The Woman in Black
An old-fashioned, tastefully constrained supernatural thriller, The Woman in Black embraces the elements of gothic horror movies with pleasing seriousness: If there’s a door handle to rattle or floorboard to creak in the ruined mansion at the heart of the story’s trouble, this production pauses for the sight and sound. And gray English skies with a likelihood of thick English mist is the unchanging weather forecast. The upside is, this classically creepy, unironic tale of loss and vengeance, based on Susan Hill’s popular 1983 novel of the same name, pays fair homage to the kind of fare that has long been the specialty of the recently revived British company Hammer Films, where Christopher Lee once reigned as Count Dracula and Peter Cushing personified Baron Frankenstein. The downside is, The Woman in Black devotes an awful lot of time to the sight of Daniel Radcliffe, playing a sad, frock-coated lawyer named Arthur Kipps, creeping anxiously through that haunted house, clutching a candle and an axe, getting nowhere.
Deadened with grief four years after the death of his wife, Arthur is dispatched to a remote English village to sort out a deceased woman’s estate. There, in his own melancholy, the lawyer barely notices how fear has warped the secretive residents of the village, all of whom know and none of whom will tell an outsider what ails them. (Ciarán Hinds and Albert Nobbs Oscar nominee Janet McTeer have fun playing the village’s wealthiest residents, the only two who provide hospitality.) Arthur does, at least, begin to wonder about the unusual death rate of village children. Oh, if ghosts could talk! Instead, this inconsolable spirit makes her feelings known through more ghoulish means.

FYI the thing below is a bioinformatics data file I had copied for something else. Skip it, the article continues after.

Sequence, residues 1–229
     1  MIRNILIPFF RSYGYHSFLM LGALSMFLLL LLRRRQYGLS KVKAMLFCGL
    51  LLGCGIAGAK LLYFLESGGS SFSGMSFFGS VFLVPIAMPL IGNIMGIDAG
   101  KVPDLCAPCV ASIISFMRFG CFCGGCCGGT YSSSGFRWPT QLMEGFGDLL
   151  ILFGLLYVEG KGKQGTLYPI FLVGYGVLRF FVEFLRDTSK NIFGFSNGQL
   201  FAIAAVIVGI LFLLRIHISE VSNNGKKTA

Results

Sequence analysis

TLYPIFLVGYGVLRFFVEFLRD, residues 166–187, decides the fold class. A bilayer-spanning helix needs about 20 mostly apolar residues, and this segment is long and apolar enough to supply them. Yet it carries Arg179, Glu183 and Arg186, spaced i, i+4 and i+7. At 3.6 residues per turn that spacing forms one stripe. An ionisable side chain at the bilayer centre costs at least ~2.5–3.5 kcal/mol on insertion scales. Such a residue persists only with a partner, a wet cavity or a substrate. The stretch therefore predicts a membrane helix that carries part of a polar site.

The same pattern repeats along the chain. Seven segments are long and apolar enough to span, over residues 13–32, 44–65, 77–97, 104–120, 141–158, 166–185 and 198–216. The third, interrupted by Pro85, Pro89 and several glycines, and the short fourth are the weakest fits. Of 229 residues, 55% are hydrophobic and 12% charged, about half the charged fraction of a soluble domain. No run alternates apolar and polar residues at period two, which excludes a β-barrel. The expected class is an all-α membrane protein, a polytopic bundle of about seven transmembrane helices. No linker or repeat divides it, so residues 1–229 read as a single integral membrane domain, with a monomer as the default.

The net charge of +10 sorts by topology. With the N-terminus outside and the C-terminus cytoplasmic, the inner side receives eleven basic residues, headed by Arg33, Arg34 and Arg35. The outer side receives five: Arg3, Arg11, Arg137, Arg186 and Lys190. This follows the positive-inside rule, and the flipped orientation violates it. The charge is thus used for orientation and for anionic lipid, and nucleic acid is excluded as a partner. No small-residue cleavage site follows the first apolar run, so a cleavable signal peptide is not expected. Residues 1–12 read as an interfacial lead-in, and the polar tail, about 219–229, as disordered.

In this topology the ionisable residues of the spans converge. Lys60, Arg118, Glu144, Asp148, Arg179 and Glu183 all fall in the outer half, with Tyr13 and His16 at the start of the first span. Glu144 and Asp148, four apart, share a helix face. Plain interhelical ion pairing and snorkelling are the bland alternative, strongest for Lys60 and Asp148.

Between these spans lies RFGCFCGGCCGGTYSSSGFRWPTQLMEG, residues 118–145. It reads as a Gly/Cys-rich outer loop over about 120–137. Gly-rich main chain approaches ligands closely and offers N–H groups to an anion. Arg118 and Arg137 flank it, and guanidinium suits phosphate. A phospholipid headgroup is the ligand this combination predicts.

For a certain target audience, of course, the chief selling point of The Woman in Black is the appearance of Radcliffe in his first adult, big-screen outing of the post-Harry Potter era. These Dan-ites can be assured that the handsome, self-possessed 22-year-old actor delivers nicely, conveying a lot in a performance that requires an excessive amount of silent tiptoeing. The horror-loving audience who wants to be scared silly, on the other hand, ought to know that, TV ads featuring night-vision footage of freaked out preview patrons to the contrary, this is a movie of quiet spookiness rather than loud BOO!s. B-